Letters

The joys of renovating

December 3, 2020   ·   0 Comments

by ANTHONY CARNOVALE

I remember watching Bob Villa’s This Old House way back in the early 90s and thinking: why would anybody watch a show about a house renovation? I also remember not being about to change the channel every time the show was on. There was something about the way that Bob Villa carried himself, the way he spoke that made it difficult for me to change the channel. I never heard a tradesman speak like that. I was intrigued, captivated. I was watching Bob the ‘storyteller’ more than I was watching Bob the ‘home renovator.’ Whatever happened to Bob Villa?

Today, some of the most popular design celebrities have earned rock-star level fame from their home renovation/design shows — like Drew and Jonathan Scott, The Property Brothers. They went from renovating homes on television to selling half a billion dollars of their home design products in just one year. A family favourite is the farmhouse-style power couple, Chip and Joanna Gaines of Fixer Upper. A roll of Gaines’ wallpaper retails for over $200. 

My wife and I recently purchased, sold and renovated a home. We had decided that it was time to find the house that we could grow in as a family. We paid way too much over asking and had little idea what a renovation would entail (and cost). It didn’t take long for us to see that the ‘reality’ of home renovation shows, looked nothing like the ‘reality’ of a real life reno.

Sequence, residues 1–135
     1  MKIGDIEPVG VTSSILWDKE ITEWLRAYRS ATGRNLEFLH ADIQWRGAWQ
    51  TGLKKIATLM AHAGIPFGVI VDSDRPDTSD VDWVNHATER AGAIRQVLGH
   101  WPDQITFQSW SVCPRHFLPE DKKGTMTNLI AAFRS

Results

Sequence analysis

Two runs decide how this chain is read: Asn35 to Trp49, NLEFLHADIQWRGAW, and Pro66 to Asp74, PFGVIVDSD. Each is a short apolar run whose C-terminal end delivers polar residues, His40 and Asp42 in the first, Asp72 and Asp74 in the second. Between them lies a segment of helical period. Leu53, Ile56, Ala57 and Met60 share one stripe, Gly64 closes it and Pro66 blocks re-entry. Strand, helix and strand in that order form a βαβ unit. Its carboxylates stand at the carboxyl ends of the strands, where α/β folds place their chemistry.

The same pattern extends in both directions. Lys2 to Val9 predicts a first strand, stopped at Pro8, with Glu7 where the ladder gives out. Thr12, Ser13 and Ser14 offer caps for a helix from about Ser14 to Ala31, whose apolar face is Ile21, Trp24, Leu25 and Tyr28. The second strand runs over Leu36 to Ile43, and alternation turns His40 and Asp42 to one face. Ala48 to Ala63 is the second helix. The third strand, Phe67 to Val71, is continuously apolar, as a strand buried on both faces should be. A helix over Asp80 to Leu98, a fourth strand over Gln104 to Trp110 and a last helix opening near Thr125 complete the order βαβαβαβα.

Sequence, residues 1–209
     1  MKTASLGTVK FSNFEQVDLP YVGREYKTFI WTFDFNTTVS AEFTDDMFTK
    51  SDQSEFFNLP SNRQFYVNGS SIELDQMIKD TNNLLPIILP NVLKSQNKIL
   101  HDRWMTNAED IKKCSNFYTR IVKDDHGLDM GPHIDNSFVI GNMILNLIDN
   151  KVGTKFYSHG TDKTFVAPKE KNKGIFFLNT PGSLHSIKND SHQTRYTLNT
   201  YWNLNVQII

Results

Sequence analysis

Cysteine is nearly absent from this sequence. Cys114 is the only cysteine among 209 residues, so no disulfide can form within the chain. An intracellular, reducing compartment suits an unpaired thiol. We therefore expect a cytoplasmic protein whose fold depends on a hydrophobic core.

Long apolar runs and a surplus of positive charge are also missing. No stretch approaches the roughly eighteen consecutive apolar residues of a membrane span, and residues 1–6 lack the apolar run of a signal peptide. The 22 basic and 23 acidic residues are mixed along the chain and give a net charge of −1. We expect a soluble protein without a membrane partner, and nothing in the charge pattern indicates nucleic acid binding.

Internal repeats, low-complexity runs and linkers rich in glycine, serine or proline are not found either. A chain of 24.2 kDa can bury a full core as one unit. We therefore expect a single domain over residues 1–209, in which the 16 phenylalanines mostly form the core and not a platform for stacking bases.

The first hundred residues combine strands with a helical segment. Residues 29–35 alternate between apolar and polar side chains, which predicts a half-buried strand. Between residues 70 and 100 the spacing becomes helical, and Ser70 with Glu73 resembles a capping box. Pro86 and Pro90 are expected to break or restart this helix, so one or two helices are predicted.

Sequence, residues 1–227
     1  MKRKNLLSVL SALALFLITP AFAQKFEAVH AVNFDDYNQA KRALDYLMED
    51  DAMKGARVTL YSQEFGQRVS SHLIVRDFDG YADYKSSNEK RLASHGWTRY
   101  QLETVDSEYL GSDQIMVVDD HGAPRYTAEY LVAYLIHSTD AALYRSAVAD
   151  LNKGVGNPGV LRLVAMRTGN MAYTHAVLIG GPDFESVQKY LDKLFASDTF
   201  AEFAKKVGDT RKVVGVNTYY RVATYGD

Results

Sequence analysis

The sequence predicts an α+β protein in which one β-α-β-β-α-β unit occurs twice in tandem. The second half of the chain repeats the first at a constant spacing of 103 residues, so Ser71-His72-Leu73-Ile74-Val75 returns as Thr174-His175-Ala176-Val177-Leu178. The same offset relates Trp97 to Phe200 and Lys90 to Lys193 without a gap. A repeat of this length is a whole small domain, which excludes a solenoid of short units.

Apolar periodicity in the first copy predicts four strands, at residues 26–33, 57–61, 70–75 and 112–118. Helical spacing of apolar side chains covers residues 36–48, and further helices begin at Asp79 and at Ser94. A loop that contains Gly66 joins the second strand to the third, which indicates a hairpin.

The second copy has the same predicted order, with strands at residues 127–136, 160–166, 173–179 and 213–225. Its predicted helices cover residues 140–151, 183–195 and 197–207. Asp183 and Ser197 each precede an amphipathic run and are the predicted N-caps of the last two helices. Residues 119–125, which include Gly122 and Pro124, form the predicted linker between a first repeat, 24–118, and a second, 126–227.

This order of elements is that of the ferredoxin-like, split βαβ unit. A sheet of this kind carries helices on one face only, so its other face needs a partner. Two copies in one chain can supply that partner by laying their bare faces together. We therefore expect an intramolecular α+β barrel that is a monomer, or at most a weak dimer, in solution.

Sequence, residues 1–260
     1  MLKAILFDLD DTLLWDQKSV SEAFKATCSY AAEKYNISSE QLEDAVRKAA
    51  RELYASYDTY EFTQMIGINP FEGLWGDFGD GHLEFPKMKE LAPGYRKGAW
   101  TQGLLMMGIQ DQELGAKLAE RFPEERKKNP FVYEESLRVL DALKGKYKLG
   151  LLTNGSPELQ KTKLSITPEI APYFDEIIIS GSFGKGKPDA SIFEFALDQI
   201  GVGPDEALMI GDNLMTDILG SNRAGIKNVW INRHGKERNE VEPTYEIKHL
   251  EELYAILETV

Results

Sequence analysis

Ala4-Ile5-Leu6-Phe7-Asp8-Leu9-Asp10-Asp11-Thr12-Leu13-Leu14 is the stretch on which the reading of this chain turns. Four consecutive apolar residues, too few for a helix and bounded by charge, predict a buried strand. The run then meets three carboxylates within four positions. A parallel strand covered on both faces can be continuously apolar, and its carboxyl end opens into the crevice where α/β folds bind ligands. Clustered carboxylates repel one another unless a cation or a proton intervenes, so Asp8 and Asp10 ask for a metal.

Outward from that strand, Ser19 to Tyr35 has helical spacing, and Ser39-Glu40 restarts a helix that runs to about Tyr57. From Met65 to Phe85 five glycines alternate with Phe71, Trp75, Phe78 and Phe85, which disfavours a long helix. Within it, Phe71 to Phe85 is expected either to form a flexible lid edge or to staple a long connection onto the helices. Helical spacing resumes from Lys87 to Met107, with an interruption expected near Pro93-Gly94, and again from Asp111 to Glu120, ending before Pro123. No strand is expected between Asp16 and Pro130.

I promised myself that I wouldn’t get stressed during the renovation. I tried to keep things in check, to stay grounded. I mean, we were lucky (privileged) to have two roofs over our heads (even if one had a small leak); it didn’t matter that the reno was behind schedule and that we’d be moving into only half of our house. There were some heated battles, letdowns and meltdowns. With work, COVID, two young kids and a house with no kitchen, I think we did okay for ourselves. In the end (does it ever end?) we were able to design and pick and choose the things that would make our new house a home. Obviously, we couldn’t have done it without the demo guys, electricians, plumbers and trim guy.

I didn’t always appreciate the trades. I remember as a kid, being ashamed of my family and the dirt and the smells that they carried home after having worked on a construction site or digging a hole to lay some concrete pipes. I mean, I was dreaming about being an astronaut, not a general laborer (like my grandfather); when I was older, I wanted to be an urban planner, not a welder (like my great-uncle). 

To this day, there’s still this perception out there that the trades are somehow “less than,” as though people who can work with their hands have settled for less, or don’t have the acumen of those who sit behind a desk and a screen. 

I hear it every day in my classroom – students being pressured to go to university to prepare for a job that won’t be there for them when they graduate. Economic shifts are making it clear that post-secondary education doesn’t guarantee a cushy pay cheque, the cost of tuition is skyrocketing, and boomers who once filled trade jobs are entering retirement. ‘Fast Company’ named skilled trades one of the five jobs that will be the hardest to fill in 2025, pointing out that there are a “large number of tradespeople retiring but fewer young people choosing these careers.” According to Explore the Trades, only 35 percent of future jobs will require a four-year degree or higher.